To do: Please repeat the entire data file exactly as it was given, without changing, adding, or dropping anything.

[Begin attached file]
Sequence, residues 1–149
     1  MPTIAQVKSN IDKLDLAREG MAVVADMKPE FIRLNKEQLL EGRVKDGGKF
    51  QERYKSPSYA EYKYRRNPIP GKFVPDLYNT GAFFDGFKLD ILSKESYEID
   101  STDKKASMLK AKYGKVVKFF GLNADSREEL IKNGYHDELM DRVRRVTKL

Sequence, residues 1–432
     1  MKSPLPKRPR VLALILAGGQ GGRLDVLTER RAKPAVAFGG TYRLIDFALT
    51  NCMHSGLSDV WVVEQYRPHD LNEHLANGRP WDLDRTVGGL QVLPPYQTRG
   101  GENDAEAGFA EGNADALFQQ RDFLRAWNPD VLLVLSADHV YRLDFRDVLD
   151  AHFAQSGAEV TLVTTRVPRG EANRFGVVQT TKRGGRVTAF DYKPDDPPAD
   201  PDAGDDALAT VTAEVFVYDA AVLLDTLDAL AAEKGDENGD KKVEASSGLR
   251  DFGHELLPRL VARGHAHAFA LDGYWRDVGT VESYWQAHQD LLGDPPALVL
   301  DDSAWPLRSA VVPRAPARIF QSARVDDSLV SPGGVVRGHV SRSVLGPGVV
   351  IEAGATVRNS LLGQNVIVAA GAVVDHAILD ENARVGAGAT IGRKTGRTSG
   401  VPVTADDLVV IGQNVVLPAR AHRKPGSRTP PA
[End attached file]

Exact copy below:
Sequence, residues 1–149
     1  MPTIAQVKSN IDKLDLAREG MAVVADMKPE FIRLNKEQLL EGRVKDGGKF
    51  QERYKSPSYA EYKYRRNPIP GKFVPDLYNT GAFFDGFKLD ILSKESYEID
   101  STDKKASMLK AKYGKVVKFF GLNADSREEL IKNGYHDELM DRVRRVTKL

Sequence, residues 1–432
     1  MKSPLPKRPR VLALILAGGQ GGRLDVLTER RAKPAVAFGG TYRLIDFALT
    51  NCMHSGLSDV WVVEQYRPHD LNEHLANGRP WDLDRTVGGL QVLPPYQTRG
   101  GENDAEAGFA EGNADALFQQ RDFLRAWNPD VLLVLSADHV YRLDFRDVLD
   151  AHFAQSGAEV TLVTTRVPRG EANRFGVVQT TKRGGRVTAF DYKPDDPPAD
   201  PDAGDDALAT VTAEVFVYDA AVLLDTLDAL AAEKGDENGD KKVEASSGLR
   251  DFGHELLPRL VARGHAHAFA LDGYWRDVGT VESYWQAHQD LLGDPPALVL
   301  DDSAWPLRSA VVPRAPARIF QSARVDDSLV SPGGVVRGHV SRSVLGPGVV
   351  IEAGATVRNS LLGQNVIVAA GAVVDHAILD ENARVGAGAT IGRKTGRTSG
   401  VPVTADDLVV IGQNVVLPAR AHRKPGSRTP PA